In hopes that St. Nicholas soon would be there ......

and gave us the names of the reindeer - Dasher, Dancer, Prancer, Vixen, Comet, Cupid, Donner (who's also been called Dunder and Donder), Blitzen (who's also been called Blixem, Blixen and Blicksem)


On the evening of 5th December, Krampus Night or Krampusnacht, the wicked hairy devil Krampus appears on the streets in many parts of Germany, Austria and Bavaria.

Sometimes accompanying St. Nicholas and sometimes on his own, Krampus visits homes and roams the streets.

St Nicholas concerns himself only with the good children, bringing gifts and sweets.

Krampus is concerned with the bad children, bringing them coal and a bundle of sticks.

Krampus' roots may date back to pre-Germanic paganism in the region.

His name comes from the German krampen, which means "claw," and tradition has it that he is the son of the Norse god of the underworld, Hel.

I remember being told that Santa brought coal and sticks to bold children so I wonder if there was a folk memory here of Krampus’ deeds. But I never heard of Krampus until about ten years ago when Tom ‘discovered’ him while researching Yule and Christmas and other winter celebrations when he was MC for one of the Tara Celebration's Yule Celebrations.

On Krampusnacht processions Krampus and Saint Nick come to life through the use of costumes and wooden masks.

The Krampus is the yin to St. Nick's yang. Like all seasonal masked celebrations it seems to acknowledge the good and evil in us all. Being masked gives people an opportunity for ‘devilment’ and to explore and acknowledge ‘the darkside’ of our personalities.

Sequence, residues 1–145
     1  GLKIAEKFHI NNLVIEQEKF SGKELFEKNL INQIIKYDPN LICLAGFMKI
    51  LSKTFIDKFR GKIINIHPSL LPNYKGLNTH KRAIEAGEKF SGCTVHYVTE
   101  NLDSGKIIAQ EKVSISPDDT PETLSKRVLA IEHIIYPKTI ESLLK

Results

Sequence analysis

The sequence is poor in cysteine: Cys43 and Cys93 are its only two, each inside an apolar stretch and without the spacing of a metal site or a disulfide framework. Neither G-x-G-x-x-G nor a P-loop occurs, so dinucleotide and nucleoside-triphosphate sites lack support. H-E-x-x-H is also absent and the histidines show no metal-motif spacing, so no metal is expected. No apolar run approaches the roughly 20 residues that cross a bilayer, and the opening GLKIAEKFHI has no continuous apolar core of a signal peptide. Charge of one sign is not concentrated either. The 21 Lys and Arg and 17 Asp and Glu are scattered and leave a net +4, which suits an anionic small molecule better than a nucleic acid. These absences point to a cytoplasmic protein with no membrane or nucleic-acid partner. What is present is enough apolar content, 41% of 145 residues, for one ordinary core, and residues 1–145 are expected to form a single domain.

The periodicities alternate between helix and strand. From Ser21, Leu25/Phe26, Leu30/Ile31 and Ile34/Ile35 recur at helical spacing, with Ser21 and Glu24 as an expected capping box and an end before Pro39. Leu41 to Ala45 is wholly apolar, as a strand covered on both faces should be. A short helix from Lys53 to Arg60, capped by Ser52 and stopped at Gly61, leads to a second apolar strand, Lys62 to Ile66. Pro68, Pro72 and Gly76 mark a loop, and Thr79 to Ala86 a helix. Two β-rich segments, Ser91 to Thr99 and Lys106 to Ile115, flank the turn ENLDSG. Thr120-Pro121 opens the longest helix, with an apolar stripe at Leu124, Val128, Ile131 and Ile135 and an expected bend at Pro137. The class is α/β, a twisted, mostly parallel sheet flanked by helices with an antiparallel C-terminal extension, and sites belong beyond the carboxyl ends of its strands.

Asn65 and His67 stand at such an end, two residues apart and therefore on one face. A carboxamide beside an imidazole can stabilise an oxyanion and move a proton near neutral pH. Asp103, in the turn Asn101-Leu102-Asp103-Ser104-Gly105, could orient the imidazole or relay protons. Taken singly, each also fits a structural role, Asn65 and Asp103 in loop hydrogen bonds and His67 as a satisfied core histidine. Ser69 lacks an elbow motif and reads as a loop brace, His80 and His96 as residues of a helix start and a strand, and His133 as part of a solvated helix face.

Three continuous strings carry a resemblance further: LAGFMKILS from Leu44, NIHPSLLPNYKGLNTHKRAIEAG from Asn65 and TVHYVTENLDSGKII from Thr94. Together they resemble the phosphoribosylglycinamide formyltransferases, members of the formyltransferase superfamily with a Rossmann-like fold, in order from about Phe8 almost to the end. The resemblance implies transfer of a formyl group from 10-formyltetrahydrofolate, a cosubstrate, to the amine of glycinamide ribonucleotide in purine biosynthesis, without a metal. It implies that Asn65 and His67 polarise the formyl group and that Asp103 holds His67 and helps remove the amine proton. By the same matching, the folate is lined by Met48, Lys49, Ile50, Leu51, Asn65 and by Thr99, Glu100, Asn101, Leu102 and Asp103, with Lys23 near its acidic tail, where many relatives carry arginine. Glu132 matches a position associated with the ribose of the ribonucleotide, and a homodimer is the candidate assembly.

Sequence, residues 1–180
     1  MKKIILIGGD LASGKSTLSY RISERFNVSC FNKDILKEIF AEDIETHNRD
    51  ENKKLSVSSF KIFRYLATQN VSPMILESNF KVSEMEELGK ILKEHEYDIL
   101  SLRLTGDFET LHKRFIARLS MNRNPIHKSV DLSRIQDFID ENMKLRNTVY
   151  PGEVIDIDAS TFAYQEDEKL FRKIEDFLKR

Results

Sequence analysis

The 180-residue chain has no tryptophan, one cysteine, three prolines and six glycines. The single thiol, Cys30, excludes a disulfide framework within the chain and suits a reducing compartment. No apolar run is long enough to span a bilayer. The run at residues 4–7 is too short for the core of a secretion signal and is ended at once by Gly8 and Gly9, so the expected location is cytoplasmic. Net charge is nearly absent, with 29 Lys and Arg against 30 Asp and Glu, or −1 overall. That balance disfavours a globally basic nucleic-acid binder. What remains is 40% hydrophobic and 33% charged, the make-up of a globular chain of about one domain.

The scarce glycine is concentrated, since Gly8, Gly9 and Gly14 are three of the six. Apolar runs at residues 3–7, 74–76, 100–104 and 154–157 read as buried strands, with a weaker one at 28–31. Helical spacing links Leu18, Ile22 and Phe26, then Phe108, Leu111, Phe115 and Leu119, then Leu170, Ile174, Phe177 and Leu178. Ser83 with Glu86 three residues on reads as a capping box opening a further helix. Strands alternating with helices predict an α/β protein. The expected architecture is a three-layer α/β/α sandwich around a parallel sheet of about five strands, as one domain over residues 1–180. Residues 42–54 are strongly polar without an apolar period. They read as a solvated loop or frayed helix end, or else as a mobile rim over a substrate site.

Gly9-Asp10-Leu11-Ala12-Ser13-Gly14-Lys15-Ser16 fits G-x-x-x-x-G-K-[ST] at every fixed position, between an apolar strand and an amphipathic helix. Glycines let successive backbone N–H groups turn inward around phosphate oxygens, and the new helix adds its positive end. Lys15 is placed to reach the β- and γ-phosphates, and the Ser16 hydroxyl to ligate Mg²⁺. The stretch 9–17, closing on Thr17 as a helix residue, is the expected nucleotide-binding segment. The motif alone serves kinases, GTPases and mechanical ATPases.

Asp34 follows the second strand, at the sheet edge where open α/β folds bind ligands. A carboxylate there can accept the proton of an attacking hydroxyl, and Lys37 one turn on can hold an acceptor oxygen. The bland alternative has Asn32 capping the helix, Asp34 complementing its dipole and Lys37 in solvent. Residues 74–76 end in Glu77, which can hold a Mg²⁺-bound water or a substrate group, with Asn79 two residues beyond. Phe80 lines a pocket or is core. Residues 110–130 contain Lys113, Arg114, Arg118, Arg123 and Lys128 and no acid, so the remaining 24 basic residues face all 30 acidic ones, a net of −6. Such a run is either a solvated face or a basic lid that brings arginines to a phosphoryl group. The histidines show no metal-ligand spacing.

While Krampus may be king of holiday scares, his fans may be overlooking an equally nasty, much more formidable queen — a Christmas monster who lives further north, in Iceland who goes by the name Grýla, the Christmas witch.

Whitby Krampus Run is the UK's first Krampus run and it is always held on the weekend closest to the Eve of St Nicholas Day.


In Switzerland, a dark character is an integral part of their Christmas celebration.

Dressed in a brown robe and wearing a blackened face, Schmutzli (from Schmutz or “dirt”) is a sinister sidekick to the gift-bearing Samichlaus (Santa Claus or St. Nicholas).

Known as Schmutzli in the German part of the country and Père Fouettard (from "whip") in French, Samichlaus's alter ego usually carries a broom of twigs for administering punishment to children whose behaviour throughout the year has not been up to scratch.

Kurt Lussi, the curator of religious folklore at Lucerne's History Museum, says that the St Nicholas custom in Switzerland became interwoven with a festival of noise and masks dating back to pre-Christian times.

Schmutzli, he says, was a symbol of the evil spirits which these ancient festivals sought to drive out with a combination of noise and light. Winter processions involving loud noise and lanterns continue to this day in many parts of Switzerland.


13 Yule Lads!

One Santa Claus is not enough for Icelanders. We have 13 Yule Lads!

For the 13 nights before Christmas Eve, one of the troublesome brothers visits Icelandic homes to tease residents.

This morning Icelandic children awoke to see the gift left behind by the first visiting Yule Lad (good children get a small gift left in their shoe, naughty children get a potato!).

Meet the 13 pranksters with names such as “Door Slammer”, “Bowl Licker”, and the rest of the family: 13 Yule Lads list

Souce - Icelandair.